The Maldives is known officially as the Republic of Maldives; however, many people refer to it simply as the “Dhivehi Raajje” (Maldives Islands).
The islands received their independence from the UK in July 1965. This archipelago is an island chain that is a presidential republic, meaning the head of state is the President. The President appoints the cabinet, and cabinet members must be approved by the Parliament, known as the People’s Majlis.
A new constitution was introduced in 2008, allowing for presidential elections every five years. To take office, an individual must receive at least 51% of the public’s vote. Presidents are limited to serving two 5-year terms.
The Maldives has an interesting combination of Islamic law and English common law. Generally, English common law applies to business matters. The legal age in the Maldives is 18.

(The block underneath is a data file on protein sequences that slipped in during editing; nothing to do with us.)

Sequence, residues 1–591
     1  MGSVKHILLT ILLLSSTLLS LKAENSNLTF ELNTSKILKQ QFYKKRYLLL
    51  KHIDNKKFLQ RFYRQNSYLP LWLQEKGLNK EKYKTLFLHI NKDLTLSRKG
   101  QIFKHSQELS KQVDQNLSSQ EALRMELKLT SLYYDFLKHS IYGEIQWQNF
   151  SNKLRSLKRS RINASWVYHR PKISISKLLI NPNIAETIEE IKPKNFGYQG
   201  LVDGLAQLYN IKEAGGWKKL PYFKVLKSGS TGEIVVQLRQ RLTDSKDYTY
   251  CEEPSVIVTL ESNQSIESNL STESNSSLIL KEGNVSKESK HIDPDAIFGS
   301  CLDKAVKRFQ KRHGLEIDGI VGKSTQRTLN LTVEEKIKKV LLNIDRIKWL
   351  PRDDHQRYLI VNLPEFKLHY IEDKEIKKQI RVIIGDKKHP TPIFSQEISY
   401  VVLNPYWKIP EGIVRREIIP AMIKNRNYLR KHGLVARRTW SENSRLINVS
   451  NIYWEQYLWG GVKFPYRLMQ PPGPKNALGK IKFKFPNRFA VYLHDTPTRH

The Maldives is the smallest Asian country in terms of both land area and population. The official language is Dhivehi, but English is widely spoken and understood, especially in the tourism industry. The majority of the population is Sunni Muslim.
The Maldives has a strong economy driven by tourism and fishing. Tourism accounts for around 28% of the country’s GDP, and the industry is dominated by luxury resorts.
The Maldives is also known for its efforts to combat climate change. The country is highly vulnerable to rising sea levels, and the government has implemented various measures to reduce greenhouse gas emissions and protect the environment. In 2009, then-President Mohamed Nasheed held an underwater cabinet meeting to raise awareness about the impact of climate change on the Maldives and the world.
The Maldives President’s Office website is a great resource for up-to-date and accurate information.
You can find more resources here https://en.wikipedia.org/wiki/Politics_of_the_Maldives